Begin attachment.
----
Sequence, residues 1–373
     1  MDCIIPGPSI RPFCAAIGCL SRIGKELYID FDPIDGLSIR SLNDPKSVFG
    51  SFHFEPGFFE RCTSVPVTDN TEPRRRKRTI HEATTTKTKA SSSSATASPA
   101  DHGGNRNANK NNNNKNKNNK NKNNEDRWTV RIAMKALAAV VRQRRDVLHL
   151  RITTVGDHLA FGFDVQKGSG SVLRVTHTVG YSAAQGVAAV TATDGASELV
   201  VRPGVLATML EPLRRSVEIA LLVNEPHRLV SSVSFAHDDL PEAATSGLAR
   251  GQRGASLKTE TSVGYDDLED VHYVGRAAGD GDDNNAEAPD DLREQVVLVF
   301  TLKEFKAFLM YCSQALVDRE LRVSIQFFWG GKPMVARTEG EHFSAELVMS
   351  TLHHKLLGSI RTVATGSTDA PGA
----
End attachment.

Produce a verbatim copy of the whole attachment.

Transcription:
Sequence, residues 1–373
     1  MDCIIPGPSI RPFCAAIGCL SRIGKELYID FDPIDGLSIR SLNDPKSVFG
    51  SFHFEPGFFE RCTSVPVTDN TEPRRRKRTI HEATTTKTKA SSSSATASPA
   101  DHGGNRNANK NNNNKNKNNK NKNNEDRWTV RIAMKALAAV VRQRRDVLHL
   151  RITTVGDHLA FGFDVQKGSG SVLRVTHTVG YSAAQGVAAV TATDGASELV
   201  VRPGVLATML EPLRRSVEIA LLVNEPHRLV SSVSFAHDDL PEAATSGLAR
   251  GQRGASLKTE TSVGYDDLED VHYVGRAAGD GDDNNAEAPD DLREQVVLVF
   301  TLKEFKAFLM YCSQALVDRE LRVSIQFFWG GKPMVARTEG EHFSAELVMS
   351  TLHHKLLGSI RTVATGSTDA PGA